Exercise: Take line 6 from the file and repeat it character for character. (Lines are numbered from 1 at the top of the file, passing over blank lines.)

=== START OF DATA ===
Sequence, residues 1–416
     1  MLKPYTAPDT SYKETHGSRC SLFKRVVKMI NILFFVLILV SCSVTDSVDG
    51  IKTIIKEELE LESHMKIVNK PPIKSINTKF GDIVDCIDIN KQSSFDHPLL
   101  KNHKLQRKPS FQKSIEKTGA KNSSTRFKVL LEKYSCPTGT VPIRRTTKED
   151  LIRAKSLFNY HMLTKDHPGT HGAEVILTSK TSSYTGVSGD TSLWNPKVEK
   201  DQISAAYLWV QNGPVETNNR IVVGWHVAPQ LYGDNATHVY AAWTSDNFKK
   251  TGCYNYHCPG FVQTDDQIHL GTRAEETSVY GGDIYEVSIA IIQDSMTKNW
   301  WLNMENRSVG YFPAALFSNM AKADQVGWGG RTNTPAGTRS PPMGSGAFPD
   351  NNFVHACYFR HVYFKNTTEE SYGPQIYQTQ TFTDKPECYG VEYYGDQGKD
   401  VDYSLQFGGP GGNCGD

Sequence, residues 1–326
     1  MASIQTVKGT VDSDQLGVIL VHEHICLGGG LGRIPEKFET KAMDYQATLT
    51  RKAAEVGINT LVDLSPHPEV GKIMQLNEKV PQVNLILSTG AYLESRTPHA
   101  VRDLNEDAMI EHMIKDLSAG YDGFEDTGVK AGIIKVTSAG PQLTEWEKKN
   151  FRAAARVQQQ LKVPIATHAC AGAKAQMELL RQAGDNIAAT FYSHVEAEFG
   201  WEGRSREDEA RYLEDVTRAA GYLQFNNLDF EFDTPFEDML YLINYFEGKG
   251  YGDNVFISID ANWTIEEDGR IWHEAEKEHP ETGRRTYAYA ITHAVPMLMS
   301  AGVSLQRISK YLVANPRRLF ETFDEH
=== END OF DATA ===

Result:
   201  DQISAAYLWV QNGPVETNNR IVVGWHVAPQ LYGDNATHVY AAWTSDNFKK